Dragon in Balloon

The Medieval Science Page

This page has been continuously available on the World-Wide Web and serving the "reality-based community" since October 19, 1995. It currently receives over 100,000 hits per annum. Last updated December 7, 2008: reconstituted page after AOL zapped their web-hosting service. As always, page owners are requested to notify me at their earliest convenience in the event that they alter their URLs.
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Welcome to medieval science on the Web. This page is intended to provide a convenient and comprehensive set of links to all Internet resources worldwide which deal with aspects of medieval science, both in Western and other cultures.

Some qualifications, definitions, and limitations of this project are listed below.

Contents by Topic

* Alchemy
* Animals
* Astrolabe
* Astronomy--see also Cosmology
* Botany
* Calendars
* Cartography
* Cosmology
* Horology
* Instruments
* Mathematics
* Medicine
*Museums (topic-specific museums are indexed under topic headings)
* Physics
* Science--General/Interdisciplinary/Cultures
* Societies and Programs
* Technology (general)
* Time
* Weights and Measures
* Renaissance Materials
* Miscellaneous


James McNelis, Editor. I am also Editor-in-Chief of Envoi: A Review Journal of Medieval Literature, founder and list manager of the Medbeast-L mailing list, and Founding Editor of Æstel . Full text of several articles may be accessed from its website. Some fulltext (PDF) items may be read on Envoi's site as well, including Michael D. C. Drout and Hilary Wynne's "Tom Shippey's J. R. R. Tolkien: Author of the Century and a Look Back at Tolkien Criticism since 1982."

References to new sites are welcome; please send e-mail to me at McNelis "at" aol dot com with information about them.

Medieval Science by Topic

The Alchemy Home Page.

The Aberdeen Bestiary Project
A detailed and informative source, with convenient cross-indexing.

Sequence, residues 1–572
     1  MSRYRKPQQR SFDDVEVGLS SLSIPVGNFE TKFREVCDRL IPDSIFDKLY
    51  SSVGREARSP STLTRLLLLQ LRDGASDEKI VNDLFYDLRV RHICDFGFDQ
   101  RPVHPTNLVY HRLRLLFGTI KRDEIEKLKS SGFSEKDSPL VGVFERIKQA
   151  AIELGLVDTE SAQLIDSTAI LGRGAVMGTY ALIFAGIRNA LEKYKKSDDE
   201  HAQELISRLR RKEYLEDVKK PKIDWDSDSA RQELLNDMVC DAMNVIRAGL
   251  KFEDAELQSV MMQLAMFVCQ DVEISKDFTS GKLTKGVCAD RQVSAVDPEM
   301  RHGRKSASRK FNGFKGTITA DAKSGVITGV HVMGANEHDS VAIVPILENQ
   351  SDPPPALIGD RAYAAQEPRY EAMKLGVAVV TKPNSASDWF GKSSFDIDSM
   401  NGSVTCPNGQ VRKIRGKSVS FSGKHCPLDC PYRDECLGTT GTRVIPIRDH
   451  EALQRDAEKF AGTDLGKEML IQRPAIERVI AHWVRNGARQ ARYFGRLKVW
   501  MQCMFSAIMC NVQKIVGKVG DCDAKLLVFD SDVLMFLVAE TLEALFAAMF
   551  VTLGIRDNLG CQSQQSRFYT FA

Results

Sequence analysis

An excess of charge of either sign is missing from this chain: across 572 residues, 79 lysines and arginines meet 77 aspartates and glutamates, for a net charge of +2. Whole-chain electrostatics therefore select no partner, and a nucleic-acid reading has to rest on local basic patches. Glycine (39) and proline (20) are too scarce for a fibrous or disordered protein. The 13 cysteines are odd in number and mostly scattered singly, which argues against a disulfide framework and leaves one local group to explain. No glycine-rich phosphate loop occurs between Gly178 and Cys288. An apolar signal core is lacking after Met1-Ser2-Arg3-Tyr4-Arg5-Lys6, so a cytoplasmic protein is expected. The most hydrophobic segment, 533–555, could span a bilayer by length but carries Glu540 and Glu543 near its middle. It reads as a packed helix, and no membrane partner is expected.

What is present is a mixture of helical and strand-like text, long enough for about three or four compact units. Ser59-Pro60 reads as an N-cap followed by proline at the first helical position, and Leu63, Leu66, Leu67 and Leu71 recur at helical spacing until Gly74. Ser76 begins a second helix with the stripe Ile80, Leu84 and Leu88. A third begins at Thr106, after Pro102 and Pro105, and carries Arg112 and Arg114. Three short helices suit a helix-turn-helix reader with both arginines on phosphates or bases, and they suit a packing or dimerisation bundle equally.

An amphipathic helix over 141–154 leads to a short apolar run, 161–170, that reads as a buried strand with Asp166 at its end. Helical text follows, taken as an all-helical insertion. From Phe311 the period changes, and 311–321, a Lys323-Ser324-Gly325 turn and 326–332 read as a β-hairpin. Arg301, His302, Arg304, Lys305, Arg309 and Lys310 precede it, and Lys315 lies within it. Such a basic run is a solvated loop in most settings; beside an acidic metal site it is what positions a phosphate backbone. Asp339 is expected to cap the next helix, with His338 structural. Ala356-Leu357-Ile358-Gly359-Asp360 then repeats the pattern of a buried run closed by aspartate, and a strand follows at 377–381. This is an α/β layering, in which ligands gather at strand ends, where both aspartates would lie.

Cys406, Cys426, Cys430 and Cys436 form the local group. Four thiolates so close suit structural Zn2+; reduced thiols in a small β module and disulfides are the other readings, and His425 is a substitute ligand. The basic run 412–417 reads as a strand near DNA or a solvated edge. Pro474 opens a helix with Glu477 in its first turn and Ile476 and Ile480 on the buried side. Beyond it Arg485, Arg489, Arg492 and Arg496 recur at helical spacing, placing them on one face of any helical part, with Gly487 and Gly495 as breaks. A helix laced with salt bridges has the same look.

Hunting and Falconry
This page will provide links to references on medieval hunting and falconry as practiced in Europe, the Middle East, Japan, and other regions.

Medbeast-L mailing list
This list is intended to support productive scholarly discussion of issues relating to animals real and fictional, birds, fish, etc. in the culture of the Middle Ages, both in Europe and elsewhere. The archive is viewable by nonmembers.


There are many net resources devoted to astronomy. These are only a selection which may be of greater interest to those studying the medieval period:




Cosmology Horology



  • Europe--Mathematics and the Humanities
    Todd Hammond's site includes an impressive array of interrelated topics, with helpful cross-links and annotated bibliographies. The site addresses the history of mathematics in depth, and emphasizes Middle Eastern, Asian, and other concentrations as well as European.
  • History of Mathematics
    A general index of net resources on the subject.
  • Boethius
    Although De arithmetica is not yet entirely on-line (links to a manuscript image and details of De arithmetica are online at this link), the full text of the Consolatio, as well as an English translation, are provided.
  • Mathematics
    From the Vatican Exhibition at the U.S. Library of Congress.
  • Graphotactics by Robert D. Stevick.
Medicine Museums of the History of Science Physics
  • The Physics of Aristotle.
  • Aristotle vs. Galileo.
  • Averroes (Ibn Rushd) Database--The "Great Commentator" on Aristotle and Plato (1128-1198).


  • Arabic Science:
  • Chinese Science: Societies, Programs, General Mailing Lists

    The Medieval Technology Pages
    These pages are by Paul J. Gans at New York University. Professor Gans teaches a course on medieval technology (link), perhaps the only one of its kind in the US.